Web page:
THE SIGNAL BOX

PHOTO GALLERY

GNR Somersault signal

Signal boxes of the
CALEDONIAN RAILWAY

The Caledonian Railway was probably the most advanced of the various Scottish railway companies as far as signalling was concerned, and some two-thirds of the system had interlocked signal boxes by 1875.

The Caledonian built boxed to their own designs, the architecture of which was completely separate between the Northern and Southern divisions. Most were sturdy brick structures, and many survive on the parts of the company's network that have resisted resignalling.

Please click on the thumbnail images for more information on each location.

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Kingsknowe

The earliest boxes on the Southern Division of the Caledonian Railway were quite varied. Many, but not all, featured a particularly shallow roof, sometimes surmounted by a large cast-iron finial. Glazing arrangements varied, too, but this example has a group of tiny panes above two tall ones per window section. These designs were only built up to the 1870's.

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Hilton Junction

The oldest operational signal box in Scotland is to the Northern Division's first design, used up to around 1889. This type generally featured plain brickwork and unconcealed roof struts visible above the windows.

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Craiginches North

This example, of the same original Northern division design, is very tall to allow a good view over an adjoining bridge.

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ForteviotPage includes views of lever frame

Another plain box to the pre-c1889 design of the Caledonian Railway's Northern Division.

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Broughty Ferry

A few boxes to the original Caledonian Railway design were built entirely in wood, as seen here.

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Larbert NorthPage includes views of lever framePage includes close-up views if signalling instruments and equipment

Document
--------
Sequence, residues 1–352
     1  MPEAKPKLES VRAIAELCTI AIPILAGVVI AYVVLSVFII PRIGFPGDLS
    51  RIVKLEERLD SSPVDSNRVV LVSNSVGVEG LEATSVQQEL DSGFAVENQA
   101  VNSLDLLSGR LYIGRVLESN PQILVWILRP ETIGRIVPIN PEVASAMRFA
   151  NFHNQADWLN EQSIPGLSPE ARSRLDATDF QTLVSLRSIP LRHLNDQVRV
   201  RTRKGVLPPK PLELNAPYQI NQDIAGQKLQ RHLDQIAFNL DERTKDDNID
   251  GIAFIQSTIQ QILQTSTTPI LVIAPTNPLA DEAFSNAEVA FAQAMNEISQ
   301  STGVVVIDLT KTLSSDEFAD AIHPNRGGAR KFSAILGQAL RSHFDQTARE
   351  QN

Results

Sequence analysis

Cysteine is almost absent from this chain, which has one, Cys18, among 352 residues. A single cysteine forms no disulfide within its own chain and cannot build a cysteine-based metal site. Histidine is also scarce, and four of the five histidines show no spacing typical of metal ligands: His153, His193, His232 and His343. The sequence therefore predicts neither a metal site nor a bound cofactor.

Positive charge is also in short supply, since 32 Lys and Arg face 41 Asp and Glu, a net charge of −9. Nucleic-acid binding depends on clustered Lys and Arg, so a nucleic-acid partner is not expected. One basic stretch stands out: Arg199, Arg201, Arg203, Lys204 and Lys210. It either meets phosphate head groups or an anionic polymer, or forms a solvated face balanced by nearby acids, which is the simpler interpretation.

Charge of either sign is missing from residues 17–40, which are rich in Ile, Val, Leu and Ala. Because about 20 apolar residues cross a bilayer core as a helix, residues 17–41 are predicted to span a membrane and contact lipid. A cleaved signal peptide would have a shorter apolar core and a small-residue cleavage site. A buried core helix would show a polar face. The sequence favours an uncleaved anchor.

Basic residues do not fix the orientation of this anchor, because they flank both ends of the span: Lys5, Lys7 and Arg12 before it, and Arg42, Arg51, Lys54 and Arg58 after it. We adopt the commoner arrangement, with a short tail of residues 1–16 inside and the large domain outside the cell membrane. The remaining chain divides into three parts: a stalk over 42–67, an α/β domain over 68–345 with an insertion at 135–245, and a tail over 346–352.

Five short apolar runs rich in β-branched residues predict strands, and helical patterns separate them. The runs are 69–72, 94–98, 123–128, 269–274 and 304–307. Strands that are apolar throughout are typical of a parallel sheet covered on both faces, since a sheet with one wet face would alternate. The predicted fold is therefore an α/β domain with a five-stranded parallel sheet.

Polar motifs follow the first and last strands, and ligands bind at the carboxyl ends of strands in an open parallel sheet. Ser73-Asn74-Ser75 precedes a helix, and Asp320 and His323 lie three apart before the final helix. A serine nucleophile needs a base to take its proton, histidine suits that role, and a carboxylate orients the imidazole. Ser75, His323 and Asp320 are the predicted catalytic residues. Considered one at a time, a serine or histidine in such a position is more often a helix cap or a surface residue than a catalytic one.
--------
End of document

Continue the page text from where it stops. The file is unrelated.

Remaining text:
From 1889, the Northern Division's design was made neater by the provision of soffit boards to conceal the exposed eaves.

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Stirling MiddlePage includes views of lever framePage includes close-up views if signalling instruments and equipmentPage includes close-up views of box diagramPage includes views of signals and other outdoor equipment

An extremely large version of the same design, opened in 1901. No boxes of this type were built between 1902 and 1908.

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Grangemouth No3

A new design of box was introduced by the Northern Division in 1902, featuring decorative ridge tiles and and unusual "kink" in the angle of the roof near the gutter line. Use of this attractive design was discontinued in 1908 with a reversion to the use of the 1889 model described above.

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ObanPage includes views of lever frame

Another box to the Southern Division's 1902 design.

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TaynuiltPage includes views of lever framePage includes close-up views of box diagramPage includes views of signals and other outdoor equipment

A smaller version of the above design, almost certainly second-hand when installed in 1921.

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Camperdown Junction

This one-off design was erected by the Northern Division in 1903.

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Ferryhill Junction

Another non-standard Northern Division box constructed in 1905.

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Garnqueen North JunctionPage includes views of signals and other outdoor equipment

Another design of the Southern Division, introduced by 1870, outlived the other types and was used right through to LMS days. Noticeable on this handsome design, once very common, are the deeply set windows in narrow sections. Each window pillar bears a large wooden bracket support for the heavily overhanging roof.

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Glencruitton Crossing

Not every signal box conformed to the expected designs. This remote crossing loop opened in 1903, has the signal box combined with the signalmen's accommodation.